Lawrence L. Langer

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Lawrence L. Langer (born 1929) is an American scholar, Holocaust analyst, and professor of English and Holocaust education.[1]

Early life and education[edit]

Lawrence L. Langer is U.S. scholar of Holocaust literature and professor of English emeritus at Simmons College in Boston. He was born to Irving and Esther (Strauss) Langer in the Bronx, New York in 1929. He received his BA from City College of New York in 1951 and an MA (1952) and PhD (1961) from Harvard University. He married his wife, Sondra, in 1951, and together they have two children and five grandchildren. They currently live in West Newton, Massachusetts.[2]


Career Beginnings[edit]

Langer’s interest in the Holocaust began in 1963, after he received a Fulbright grant to teach American literature at the University of Graz in Austria.[3] In May 1964 he drove with an American colleague through Czechoslovakia to Poland and spent two days at Auschwitz, inspecting the main camp (with several Soviet soldiers) and the remains of the killing facilities at Birkenau.[4] After this trip, Langer began exploring the imaginative literature written about the concentration and death camp experiences. Upon his return to Simmons College he introduced a seminar on the Literature of Atrocity, versions of which he taught for the next 25 years. In 1968-69 he took a sabbatical year in Munich, Germany, where he completed his first book on Holocaust literature, “The Holocaust and the Literary Imagination.”[2]


Lawrence L. Langer began teaching at the University of Connecticut in 1957 and moved to Simmons College in 1958, where he remained until his retirement in 1992. In 1965 Langer became the first professor in the United States to teach a course on Holocaust literature, which he initially titled ‘The Literature of Atrocity.’ In 1976 he was awarded the Alumnae Endowed Chair, and in the Fall of 2002 he was the Strassler Distinguished Visiting Professor in the Center for Holocaust and Genocide Studies at Clark University.[1] Presently, Langer remains the Alumnae Chair Professor of English, emeritus.[5]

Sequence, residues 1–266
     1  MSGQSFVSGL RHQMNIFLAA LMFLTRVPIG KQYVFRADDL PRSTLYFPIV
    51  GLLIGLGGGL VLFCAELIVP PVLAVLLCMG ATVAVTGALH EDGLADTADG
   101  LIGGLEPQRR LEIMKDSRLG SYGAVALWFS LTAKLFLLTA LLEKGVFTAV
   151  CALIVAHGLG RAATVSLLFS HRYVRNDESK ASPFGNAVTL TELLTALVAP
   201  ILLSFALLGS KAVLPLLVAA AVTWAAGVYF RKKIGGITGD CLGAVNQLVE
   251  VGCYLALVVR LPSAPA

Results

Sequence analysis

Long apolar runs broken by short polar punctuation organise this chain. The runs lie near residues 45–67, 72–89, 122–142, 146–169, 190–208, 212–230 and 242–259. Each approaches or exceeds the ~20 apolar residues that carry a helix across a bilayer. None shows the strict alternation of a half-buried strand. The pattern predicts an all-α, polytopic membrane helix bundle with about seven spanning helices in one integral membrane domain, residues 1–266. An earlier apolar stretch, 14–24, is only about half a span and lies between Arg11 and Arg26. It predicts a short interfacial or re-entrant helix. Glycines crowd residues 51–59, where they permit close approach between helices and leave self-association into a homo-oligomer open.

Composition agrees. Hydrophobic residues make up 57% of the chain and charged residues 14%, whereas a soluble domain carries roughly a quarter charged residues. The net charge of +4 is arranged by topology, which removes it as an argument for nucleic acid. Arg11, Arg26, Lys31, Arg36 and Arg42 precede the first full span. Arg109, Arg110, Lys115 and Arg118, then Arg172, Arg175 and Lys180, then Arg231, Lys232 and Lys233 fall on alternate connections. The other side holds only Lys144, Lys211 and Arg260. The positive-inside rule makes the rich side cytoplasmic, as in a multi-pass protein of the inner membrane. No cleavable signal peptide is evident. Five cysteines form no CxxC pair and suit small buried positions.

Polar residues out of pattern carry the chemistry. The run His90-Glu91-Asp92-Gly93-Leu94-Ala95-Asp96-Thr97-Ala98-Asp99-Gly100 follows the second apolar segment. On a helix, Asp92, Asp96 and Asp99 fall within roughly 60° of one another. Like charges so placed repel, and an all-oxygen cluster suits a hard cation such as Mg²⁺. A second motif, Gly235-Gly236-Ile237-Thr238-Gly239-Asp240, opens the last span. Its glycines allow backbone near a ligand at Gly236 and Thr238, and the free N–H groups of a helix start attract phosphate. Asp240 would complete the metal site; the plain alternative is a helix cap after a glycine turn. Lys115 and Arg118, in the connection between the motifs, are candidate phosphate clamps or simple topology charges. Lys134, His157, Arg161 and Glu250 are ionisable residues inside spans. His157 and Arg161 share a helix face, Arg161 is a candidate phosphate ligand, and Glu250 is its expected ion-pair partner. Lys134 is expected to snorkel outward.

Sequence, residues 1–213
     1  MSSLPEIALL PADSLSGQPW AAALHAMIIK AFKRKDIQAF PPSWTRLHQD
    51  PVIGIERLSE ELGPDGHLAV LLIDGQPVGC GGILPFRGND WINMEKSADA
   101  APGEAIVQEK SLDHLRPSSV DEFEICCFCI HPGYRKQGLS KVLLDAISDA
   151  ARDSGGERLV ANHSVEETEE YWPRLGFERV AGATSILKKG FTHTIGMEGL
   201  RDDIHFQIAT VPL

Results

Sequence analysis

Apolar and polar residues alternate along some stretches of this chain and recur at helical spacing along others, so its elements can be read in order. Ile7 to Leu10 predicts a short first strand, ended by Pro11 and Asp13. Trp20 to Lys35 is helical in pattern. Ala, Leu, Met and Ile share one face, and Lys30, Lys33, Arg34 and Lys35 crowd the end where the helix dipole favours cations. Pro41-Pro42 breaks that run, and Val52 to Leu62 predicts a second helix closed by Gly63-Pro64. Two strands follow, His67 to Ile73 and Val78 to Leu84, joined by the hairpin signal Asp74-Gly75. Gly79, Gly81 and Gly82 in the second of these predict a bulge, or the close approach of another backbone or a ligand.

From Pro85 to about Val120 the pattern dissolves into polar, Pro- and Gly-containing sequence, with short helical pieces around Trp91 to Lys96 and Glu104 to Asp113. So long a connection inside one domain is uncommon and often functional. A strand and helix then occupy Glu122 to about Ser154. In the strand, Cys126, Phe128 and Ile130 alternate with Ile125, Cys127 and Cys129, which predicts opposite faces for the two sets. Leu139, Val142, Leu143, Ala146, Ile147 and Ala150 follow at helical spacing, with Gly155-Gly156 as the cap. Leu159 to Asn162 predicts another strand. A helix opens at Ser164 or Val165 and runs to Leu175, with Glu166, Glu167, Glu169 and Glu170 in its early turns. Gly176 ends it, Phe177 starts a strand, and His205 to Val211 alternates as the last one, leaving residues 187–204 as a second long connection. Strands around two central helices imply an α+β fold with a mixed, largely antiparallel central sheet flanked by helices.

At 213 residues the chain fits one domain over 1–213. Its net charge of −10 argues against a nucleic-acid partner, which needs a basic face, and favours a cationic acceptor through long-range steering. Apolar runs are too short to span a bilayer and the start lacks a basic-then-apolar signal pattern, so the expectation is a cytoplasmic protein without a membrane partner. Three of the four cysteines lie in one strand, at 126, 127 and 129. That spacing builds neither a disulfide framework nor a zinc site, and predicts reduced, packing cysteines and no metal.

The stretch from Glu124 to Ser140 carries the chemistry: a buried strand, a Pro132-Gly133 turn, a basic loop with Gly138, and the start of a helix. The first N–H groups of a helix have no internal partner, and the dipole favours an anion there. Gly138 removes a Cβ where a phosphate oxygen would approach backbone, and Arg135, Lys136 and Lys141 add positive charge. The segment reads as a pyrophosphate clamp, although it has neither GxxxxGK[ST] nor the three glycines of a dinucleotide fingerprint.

A major theme in Langer’s work over the years derives from his skepticism regarding efforts to deflect attention from the atrocities of the Holocaust by stressing the role of resistance and rescue in the ordeal of European Jewry. In his writing he understands and deplores the need to extract some positive meaning from a destructive event like the Holocaust, and argues that the impulse to learn something of value from the Holocaust experience may represent nothing more than an unconscious desire to avoid confronting its brutal realities. In Versions of Survival he established the idea of “choiceless choice” to describe the disintegration of moral reality for camp inmates and the general unprecedented situations of conflict that Jews found themselves in during the Holocaust. Additionally, he also developed the notion of an “afterdeath” of the Holocaust to accompany the “afterlife” that most survivors returned to with admirable resilience following liberation. His writing shares the essential historical reality of the Holocaust by describing the event as a story of mass murder, and challenges the belief that the Holocaust sanctifies the dignity of the human spirit.